Condition: In contexts where established and easy access to appropriate surgical backup and proper infrastructure is available to address incomplete abortion or other complications.

Although insufficient direct evidence was found for the safety and effectiveness of this option, these health workers are often responsible for the monitoring and care of women from the time of misoprostol administration to completion of the abortion. Women often find abortion care provided by midwives to be more acceptable compared with other health workers (moderate-certainty evidence).
Associate/advanced associate clinicians Suggest

Condition: In contexts where established and easy access to appropriate surgical backup and proper infrastructure is available to address incomplete abortion or other complications.

Although insufficient direct evidence was found for the safety and effectiveness of this option, these clinicians routinely carry out tasks of similar complexity, such as vacuum aspiration and manual removal of placentas (138). These clinicians are often present at higher-level facilities where care is provided in advanced gestation. A trained specialist medical practitioner may not always be present at a higher-level facility and the potential to sustain services for advanced gestational ages is increased with more than one trained provider on site.
Generalist medical practitioners Recommend Although insufficient direct evidence was found for the safety and effectiveness of this option, these professionals routinely carry out tasks of similar or greater complexity (e.g. conducting deliveries, manual removal of placentas, vacuum aspiration). The potential benefits of this option outweigh the harms, and the intervention has proven feasible in several settings. A specialist medical practitioner may not always be available on site and therefore this option may increase equitable access to quality abortion care.
Specialist medical practitioners Recommend Within their typical scope of practice,b therefore no assessment of the evidence was conducted.
Note: This is a new recommendation. There was no recommendation on medical management of IUFD in WHO’s 2015 guideline on health worker roles (23), but a clinical services recommendation on this intervention was provided in WHO’s WHO’s 2018 guideline, Medical management of abortion (120). Due to the lack of direct evidence on this topic and the similarity between the two tasks, Recommendation 30 for medical abortion at ≥ 12 weeks of gestation was applied here. A summary of the evidence is presented in Supplementary material 3, EtD framework on Medical management of intrauterine fetal demise.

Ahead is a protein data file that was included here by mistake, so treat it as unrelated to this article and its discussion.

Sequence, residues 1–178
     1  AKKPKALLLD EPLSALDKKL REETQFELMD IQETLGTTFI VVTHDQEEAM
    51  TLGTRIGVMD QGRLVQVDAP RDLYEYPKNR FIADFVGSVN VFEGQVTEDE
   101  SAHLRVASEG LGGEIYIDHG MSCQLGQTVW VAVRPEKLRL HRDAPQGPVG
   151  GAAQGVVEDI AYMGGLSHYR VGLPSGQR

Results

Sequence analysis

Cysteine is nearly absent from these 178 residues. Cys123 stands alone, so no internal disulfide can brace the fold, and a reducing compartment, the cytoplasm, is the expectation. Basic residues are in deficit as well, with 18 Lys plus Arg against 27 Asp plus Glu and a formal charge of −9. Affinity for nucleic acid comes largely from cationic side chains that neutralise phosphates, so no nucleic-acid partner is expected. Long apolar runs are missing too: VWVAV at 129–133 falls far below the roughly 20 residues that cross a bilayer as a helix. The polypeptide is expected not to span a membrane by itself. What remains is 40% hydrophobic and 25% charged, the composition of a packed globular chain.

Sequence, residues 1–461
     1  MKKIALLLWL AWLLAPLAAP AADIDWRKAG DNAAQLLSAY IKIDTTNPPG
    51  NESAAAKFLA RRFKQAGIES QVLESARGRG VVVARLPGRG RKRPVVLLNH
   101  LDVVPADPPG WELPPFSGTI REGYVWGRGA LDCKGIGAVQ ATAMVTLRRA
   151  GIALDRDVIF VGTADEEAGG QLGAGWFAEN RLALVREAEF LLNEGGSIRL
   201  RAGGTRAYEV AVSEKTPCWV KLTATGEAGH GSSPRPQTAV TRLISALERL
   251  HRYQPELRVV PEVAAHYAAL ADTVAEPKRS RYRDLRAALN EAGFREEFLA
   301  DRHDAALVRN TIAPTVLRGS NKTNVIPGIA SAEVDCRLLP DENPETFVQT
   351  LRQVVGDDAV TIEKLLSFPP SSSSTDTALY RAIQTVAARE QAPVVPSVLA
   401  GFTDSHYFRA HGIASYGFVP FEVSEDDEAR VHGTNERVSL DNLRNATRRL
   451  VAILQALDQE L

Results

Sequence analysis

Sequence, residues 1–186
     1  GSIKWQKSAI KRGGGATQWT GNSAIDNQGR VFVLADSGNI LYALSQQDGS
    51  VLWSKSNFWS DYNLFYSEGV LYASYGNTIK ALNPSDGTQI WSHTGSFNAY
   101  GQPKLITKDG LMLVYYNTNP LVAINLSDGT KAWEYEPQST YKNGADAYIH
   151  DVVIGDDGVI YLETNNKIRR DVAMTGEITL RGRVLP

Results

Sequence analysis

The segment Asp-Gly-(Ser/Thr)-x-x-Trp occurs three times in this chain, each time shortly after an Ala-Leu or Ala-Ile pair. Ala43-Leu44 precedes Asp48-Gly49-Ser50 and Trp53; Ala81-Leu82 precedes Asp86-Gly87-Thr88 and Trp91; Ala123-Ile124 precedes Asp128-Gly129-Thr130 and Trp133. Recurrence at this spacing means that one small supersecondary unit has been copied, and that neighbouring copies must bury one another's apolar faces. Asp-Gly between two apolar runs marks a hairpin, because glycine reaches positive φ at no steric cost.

a For this and all health worker recommendations, given the limited evidence for many of the health worker–task combinations, the discussions of the expert panel focused on the competency framework in WHO’s 2011 publication, Sexual and reproductive health: core competencies in primary care (121), which provides information on the competencies (including skills and knowledge) required for each task, and also the WHO-INTEGRATE criteria, in particular on the feasibility, equity and acceptability of the intervention and women’s values and preferences.

b For typical scope of work/practice, please refer to Annex 5: Health worker categories and roles.

Medical abortion for pregnancies at gestational ages ≥ 12 weeks has been practised and researched as a facility-based procedure during which women should remain under observation until the process is complete.

Implementation considerations
  • Any regulation around the management/disposal of pregnancy remains and birth or death certificates should not pose a burden or a breach of confidentiality for women or providers.

KEY HUMAN RIGHTS CONSIDERATIONS RELEVANT TO MANAGEMENT OF IUFD

  • Everyone has a right to privacy and confidentiality in sexual and reproductive health (SRH) care.
  • Abortion regulation should be human rights and evidence based.
  • States must ensure adequate access to essential medicines in an affordable and non-discriminatory manner.
  • Everyone has the right to scientific progress and right to health, which requires the availability and accessibility, acceptability, and quality of medical abortion. This means that States should ensure access to abortion medicines, and that evidence-based standards and guidelines for the provision and delivery of SRH services, are (i) in place and (ii) routinely updated to incorporate medical advancements.

For further information and sources, please refer to Box 1.2 and Web annex A: Key international human rights standards on abortion.